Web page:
Social workers have been in the spotlight in recent times,
particularly in the aftermath of the Baby P scandal. This summer we
expect to see the implementation of the Government's plans to
close the General Social Care Council (GSCC) and
transfer the regulation of social workers to the Health Professions
Council (HPC). This followed concerns raised by
the Council for Healthcare Regulatory Excellence in its 2009 report
regarding the effectiveness of the GSCC's case management
system and its ability to deal with complaints in a timely manner.
BDB has been advising the HPC to assist the smooth transition from
the GSCC to the HPC, and in this article Lynsey McIntyre sets out
some of the background.
The Health and Social Care Act, which received Royal Assent on
27 March 2012, formally abolishes the GSCC and facilitates the
transfer of functions to the HPC. The transfer, which is expected
to take effect on 31 July 2012, will only affect the 86,000 social
workers currently registered with the GSCC in England; social
workers in Scotland, Wales and Northern Ireland will continue to be
regulated by their respective national bodies. After the transfer
date, all social workers in England must register with the HPC in
order to practice as a social worker.
The HPC currently regulates 15 health, care and therapy
professions, such as physiotherapists, psychologists and arts/music
therapists. Once the transfer of regulatory functions to the HPC is
complete, it is envisaged that the HPC will change its name to the
Health and Care Professions Council (HCPC).
A significant change for social workers is that the GSCC
currently investigates concerns about registrants based on
allegations of misconduct, whereas the HPC model of regulation is
based on fitness to practise, covering complaints of misconduct and
also concerns about competence and health issues. The HPC has
consulted with the profession to produce specific standards of
proficiency, which will reflect to some degree the existing GSCC
codes of conduct. All HPC registrants are subject to the standards
of conduct, performance and ethics as part of their registration, a
copy of which can be found on the HPC website: http://www.hpc-uk.org/aboutregistration/standards/standardsofconductperformanceandethics/
Existing investigations will transfer to the HPC on the transfer
date to be disposed of in a 'just' manner and registrants
will be contacted about existing cases in due course.
Given that GSCC's current definition of misconduct is widely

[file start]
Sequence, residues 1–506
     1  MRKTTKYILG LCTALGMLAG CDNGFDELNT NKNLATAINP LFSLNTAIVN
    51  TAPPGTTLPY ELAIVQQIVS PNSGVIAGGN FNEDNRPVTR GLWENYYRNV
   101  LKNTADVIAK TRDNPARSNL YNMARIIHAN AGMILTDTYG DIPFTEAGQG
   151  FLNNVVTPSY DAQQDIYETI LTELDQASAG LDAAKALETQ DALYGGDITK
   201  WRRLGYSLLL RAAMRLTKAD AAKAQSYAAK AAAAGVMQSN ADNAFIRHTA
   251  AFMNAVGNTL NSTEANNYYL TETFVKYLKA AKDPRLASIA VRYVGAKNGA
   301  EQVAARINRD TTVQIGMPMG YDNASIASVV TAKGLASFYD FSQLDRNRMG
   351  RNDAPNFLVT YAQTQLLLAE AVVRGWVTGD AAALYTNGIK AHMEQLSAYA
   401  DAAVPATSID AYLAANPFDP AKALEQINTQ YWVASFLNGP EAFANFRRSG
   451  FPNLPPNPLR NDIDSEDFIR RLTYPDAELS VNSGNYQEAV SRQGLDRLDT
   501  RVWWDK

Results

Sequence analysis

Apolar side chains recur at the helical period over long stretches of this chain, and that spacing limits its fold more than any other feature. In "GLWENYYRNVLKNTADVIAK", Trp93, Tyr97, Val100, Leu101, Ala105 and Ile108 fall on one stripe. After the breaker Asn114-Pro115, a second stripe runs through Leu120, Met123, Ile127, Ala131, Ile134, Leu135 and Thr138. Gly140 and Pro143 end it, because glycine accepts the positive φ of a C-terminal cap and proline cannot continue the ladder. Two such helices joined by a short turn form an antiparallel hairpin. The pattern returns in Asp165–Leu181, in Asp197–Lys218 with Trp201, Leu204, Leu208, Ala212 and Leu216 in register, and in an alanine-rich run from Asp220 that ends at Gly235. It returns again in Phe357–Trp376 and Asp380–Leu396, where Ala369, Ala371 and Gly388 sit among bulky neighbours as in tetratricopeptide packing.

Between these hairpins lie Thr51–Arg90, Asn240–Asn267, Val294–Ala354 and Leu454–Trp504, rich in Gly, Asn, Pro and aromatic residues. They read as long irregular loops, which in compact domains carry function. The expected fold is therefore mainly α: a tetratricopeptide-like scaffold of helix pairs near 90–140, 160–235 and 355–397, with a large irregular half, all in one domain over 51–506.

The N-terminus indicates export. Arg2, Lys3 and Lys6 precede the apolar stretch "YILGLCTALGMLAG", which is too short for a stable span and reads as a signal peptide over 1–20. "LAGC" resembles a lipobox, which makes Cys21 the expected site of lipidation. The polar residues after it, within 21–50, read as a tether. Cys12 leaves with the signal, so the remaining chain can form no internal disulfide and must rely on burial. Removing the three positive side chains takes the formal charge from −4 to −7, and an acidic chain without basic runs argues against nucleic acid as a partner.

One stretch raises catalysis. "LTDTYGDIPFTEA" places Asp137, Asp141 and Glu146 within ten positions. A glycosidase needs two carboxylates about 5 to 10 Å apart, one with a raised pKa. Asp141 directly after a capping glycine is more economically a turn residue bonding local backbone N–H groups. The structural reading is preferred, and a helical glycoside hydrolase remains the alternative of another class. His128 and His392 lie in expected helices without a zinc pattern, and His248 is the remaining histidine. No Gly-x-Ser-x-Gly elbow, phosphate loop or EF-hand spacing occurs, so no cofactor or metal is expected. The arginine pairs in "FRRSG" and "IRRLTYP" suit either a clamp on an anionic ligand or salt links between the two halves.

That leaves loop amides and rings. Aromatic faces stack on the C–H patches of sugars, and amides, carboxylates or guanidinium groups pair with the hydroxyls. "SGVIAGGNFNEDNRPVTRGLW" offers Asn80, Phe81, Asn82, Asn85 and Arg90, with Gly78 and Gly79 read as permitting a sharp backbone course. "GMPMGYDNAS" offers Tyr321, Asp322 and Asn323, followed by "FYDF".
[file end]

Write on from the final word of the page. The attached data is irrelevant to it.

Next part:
formulated so as to touch on issues of competence, e.g. the social
worker has failed to protect the rights of users or protect them
from harm, it remains to be seen whether the fitness to practise
model used by the HPC will in fact result in an increase in the
number of complaints received and pursued.
The transfer of regulation of this profession arises amidst
interesting times ahead for health and social care regulators, as
the coalition government moves away from mandatory statutory
regulation towards the set up of voluntary registers for currently
unregulated professions, seeking a balance between the cost of
regulation and the protection of the public. The HPC and other
regulators are already looking ahead to consider whether and how to
implement voluntary registers for aspirant groups.
The content of this article is intended to provide a general
guide to the subject matter. Specialist advice should be sought
about your specific circumstances.
To print this article, all you need is to be registered on Mondaq.com.
Click to Login as an existing user or Register so you can print this article.
The current climate for claims against law firms is not one where we are seeing elevated numbers of claims, but it is very notable that there has been an increase in complex claims and in the amounts claimants are seeking to recover.
The Court of Appeal recently had to consider whether a side letter, drafted in parallel to a binding contract, and whose purpose was to confirm the parties’ agreement to enter, at a later date, into a separate secondary agreement, was itself legally binding.
A recent decision from the Court of Justice of the European Union ("CJEU") has shed some light on the continuing problem of whether anti-suit injunctions can be issued to restrain the breach of an arbitration agreement.